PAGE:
• Sam Fleming


I’ve heard Kae Tempest’s music described as many different things, but when someone told me last year that Tempest was their favorite rapper, I was completely caught off guard. My immediate reaction was to laugh. I had never even considered their music rap, but the more I thought about it, the more it made sense. Tempest effortlessly flows in a way that can only be described as rapping, and everything about their style oozes respect for the genre. Tempest’s 2019 album, The Book of Traps and Lessons is a masterclass. It’s an incredibly detailed and poetic record that delves deep into despair but is ultimately driven by a feeling of profound hope and love.

The sound of Tempest’s voice is enough to elicit a profound reaction. When they speak you feel compelled to listen because each word they say carries power. When they proclaim “I came to / under a red moon / thirsty for water” on the opening track “Thirsty,” your mind is teleported. You can see every detail Tempest describes as if you were there with them, feeling the pain in their voice as they talk about the emptiness of friendship before finding purpose.

The Book of Traps and Lessons takes you through an incredible range of emotions. Some tracks, like “Firesmoke” are carried by a gentle rhythm and lyrics about love, while others, like “Keep Moving Don’t Move", feel darker and angrier. But the entire album is carried by the central theme of perseverance and love which comes through on every single track. For example, on “Keep Moving Don’t Move” Tempest angrily proclaims, “Let’s link arms / be prepared to go down with your ship,” while on “Firesmoke” Tempest says with equal conviction “this love comes to cleanse us and restore us and push us forward.” All over the project, Tempest reinforces the importance of self-belief.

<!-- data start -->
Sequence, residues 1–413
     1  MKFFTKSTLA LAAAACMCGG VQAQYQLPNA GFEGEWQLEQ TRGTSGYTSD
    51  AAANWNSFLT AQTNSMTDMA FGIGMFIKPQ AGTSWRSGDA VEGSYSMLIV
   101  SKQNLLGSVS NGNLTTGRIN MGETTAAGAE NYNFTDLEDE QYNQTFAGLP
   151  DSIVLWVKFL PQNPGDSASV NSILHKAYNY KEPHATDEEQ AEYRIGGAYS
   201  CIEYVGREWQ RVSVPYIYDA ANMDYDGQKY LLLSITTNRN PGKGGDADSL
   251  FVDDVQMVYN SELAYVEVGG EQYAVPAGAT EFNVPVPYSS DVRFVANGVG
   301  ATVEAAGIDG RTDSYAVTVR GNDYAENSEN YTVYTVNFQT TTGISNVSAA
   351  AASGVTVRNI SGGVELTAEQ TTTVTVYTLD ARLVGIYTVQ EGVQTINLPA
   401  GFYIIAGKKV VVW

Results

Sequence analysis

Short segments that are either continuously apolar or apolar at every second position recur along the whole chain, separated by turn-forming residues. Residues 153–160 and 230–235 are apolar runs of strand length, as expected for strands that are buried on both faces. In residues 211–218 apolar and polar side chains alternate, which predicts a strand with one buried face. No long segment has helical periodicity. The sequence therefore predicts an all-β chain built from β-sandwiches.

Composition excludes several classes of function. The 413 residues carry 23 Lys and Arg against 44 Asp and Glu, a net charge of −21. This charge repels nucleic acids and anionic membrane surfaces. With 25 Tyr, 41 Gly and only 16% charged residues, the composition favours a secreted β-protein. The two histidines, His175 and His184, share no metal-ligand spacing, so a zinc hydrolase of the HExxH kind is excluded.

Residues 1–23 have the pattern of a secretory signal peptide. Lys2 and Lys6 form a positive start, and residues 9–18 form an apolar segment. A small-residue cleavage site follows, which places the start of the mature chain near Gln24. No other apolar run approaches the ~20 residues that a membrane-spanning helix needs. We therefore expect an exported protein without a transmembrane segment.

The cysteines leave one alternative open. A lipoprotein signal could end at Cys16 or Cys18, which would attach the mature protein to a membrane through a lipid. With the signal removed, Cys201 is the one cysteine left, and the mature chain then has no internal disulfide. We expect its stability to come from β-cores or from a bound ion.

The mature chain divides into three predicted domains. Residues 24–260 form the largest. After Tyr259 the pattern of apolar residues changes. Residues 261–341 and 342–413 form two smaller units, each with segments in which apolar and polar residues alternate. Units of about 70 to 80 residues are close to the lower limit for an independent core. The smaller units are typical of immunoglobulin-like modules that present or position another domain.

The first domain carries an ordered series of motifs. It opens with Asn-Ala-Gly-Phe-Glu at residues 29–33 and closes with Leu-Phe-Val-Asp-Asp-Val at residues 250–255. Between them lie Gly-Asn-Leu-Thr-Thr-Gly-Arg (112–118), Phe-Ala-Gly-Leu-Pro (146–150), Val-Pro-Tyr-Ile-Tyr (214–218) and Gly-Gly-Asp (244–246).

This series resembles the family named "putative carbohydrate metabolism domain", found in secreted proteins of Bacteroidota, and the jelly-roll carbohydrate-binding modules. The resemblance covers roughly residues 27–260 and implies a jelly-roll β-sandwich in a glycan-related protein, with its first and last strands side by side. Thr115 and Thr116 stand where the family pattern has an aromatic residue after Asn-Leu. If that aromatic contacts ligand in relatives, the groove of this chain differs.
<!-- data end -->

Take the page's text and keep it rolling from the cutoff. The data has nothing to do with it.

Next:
On The Book of Traps and Lessons, Kae Tempest employs a variety of different flows to get their point across. Occasionally they spit rapid-fire over a drum loop and other times they choose to go completely acapella. Tempest has an incredible amount of control over their cadence, as their voice constantly rises and falls to fill any empty space. Tempest’s flow on The Book of Traps and Lessons is similar to billy woods', in the way they both accent and vocally highlight particular phrases and bars. They both often feel like they are coming in a bit early, always right on top of the instrumental.

“Hold Your Own,” one of the most powerful tracks on the project, is an ode to the human need for affirmation. On the track Tempest focuses on the battle between humans and the pressures society puts on us. They say,

This whole thing thrives on us feeling always incomplete And it is why we will search for happiness in whatever thing it is we crave in the moment And it is why we can never really find it there It is why you will sit there with the lover that you fought for In the car, you sweated years to buy Wearing the ring you dreamed of all your life And some part of you will still be unsure that this is what you really want

Tempest never feels preachy, it genuinely feels like they care about each individuals’ plight. The entire album is a collection of personal experiences and anecdotes, and throughout all of them, it is abundantly clear that Tempest empathizes with the universal feeling of incompleteness in life. Tempest isn’t telling you how to live your life, but they are telling you what helped them get through theirs.

The Book of Traps and Lessons is a breathtaking listen, a true palate cleanser. It's hard to describe Kae Tempest's music, but if you're looking for an album to help you through a time of turmoil, The Book of Traps and Lessons will work wonders.

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